Tomorrow is Carpenter's birthday. I have written and rewritten this post almost five times today. And I still feel just as disjointed and confused as with the first draft. This probably makes no sense, but I believe that posting as-is will be honest. And I prefer to be honest about what's going on in my heart and mind through this process. Because not one minute of this journey has made sense.
I drove home from a meeting tonight. It was dark. The radio had been left on NPR and it was pretty quiet. And it totally hit me how alone I was. I called Mike to let him know I was on my way. He didn't answer. I realized that people I had called earlier in the day had not called me back. I called a few other friends. None answered. I called Mike three more times. He did not answer. So I started to panic. The grief finally had a crack to slip through, and it did. Of course, Mike and a friend both called me, and I got a text pretty quickly, but the seed had already been sown. And I knew finally what my big issue had been all day long.
This is the loneliest I've felt in a year.
You imagine your child's birthday as a grand celebration where you're surrounded by family and friends. People come from all around to see the person-of-the-hour, bringing gifts, hugs and kisses. Everyone wants a slice of cake. Everyone wants a picture with the birthday baby. Everyone.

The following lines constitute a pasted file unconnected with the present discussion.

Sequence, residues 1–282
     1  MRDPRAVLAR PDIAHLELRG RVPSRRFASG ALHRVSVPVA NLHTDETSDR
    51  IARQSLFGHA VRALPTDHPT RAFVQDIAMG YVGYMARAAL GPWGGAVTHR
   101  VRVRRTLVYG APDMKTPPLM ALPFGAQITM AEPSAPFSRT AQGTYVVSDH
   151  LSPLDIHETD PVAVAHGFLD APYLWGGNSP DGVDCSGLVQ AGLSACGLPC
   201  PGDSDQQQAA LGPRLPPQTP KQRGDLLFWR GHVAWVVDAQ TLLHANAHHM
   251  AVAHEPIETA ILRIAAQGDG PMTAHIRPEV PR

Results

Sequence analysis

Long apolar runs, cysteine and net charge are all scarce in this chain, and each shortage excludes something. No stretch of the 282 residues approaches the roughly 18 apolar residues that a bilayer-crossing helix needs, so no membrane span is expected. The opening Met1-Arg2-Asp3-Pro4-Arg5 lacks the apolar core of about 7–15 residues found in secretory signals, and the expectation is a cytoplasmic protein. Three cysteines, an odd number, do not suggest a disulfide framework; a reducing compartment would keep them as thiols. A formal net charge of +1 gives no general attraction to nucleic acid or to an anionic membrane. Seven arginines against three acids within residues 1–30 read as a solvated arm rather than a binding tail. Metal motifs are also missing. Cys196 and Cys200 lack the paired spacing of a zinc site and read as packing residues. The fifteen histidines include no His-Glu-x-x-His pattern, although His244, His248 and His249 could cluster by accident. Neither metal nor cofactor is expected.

Unless the birthday boy died. Then...well, the invite list is pretty short, and not because you're feeling selective. The number of people willing to celebrate the 24-week-life of my son is pretty damned small. And that pisses me off.
I am pissed off.
Because people SHOULD care. People should remember. How is this not seen as one of the greatest tragedies in the world that such a handsome little boy is no longer among us? Where is the uproar? Where are the memorials, the remembrances, the throngs of mourning fans?
Right here. Sitting on our bed in our bedroom.
I came in the door sobbing, demanding to know why the nation would fly the flag at half-mast for Whitney Houston when she overdosed after a long, exciting life, but only an intimate few recognize Carpenter's anniversary. I stood defiant, willing Mike to hug me and cry injustice as well. Instead, he cut right through all of it.
He said, "I guess we're luckier than a lot of people."
And he's right. Carpenter does have friends and family who will remember him tomorrow. Some will mourn with us. We will not be alone.
So while I still rage against the injustice of a dear life oft overlooked, I will try and appreciate how lucky we are. And I pray that those who make us feel that way know how much they mean to us. Because without those select few, I would have drowned in this sea of grief a year ago.
I'm off to tread water. Or cry myself to sleep. Goodnight, dear friends.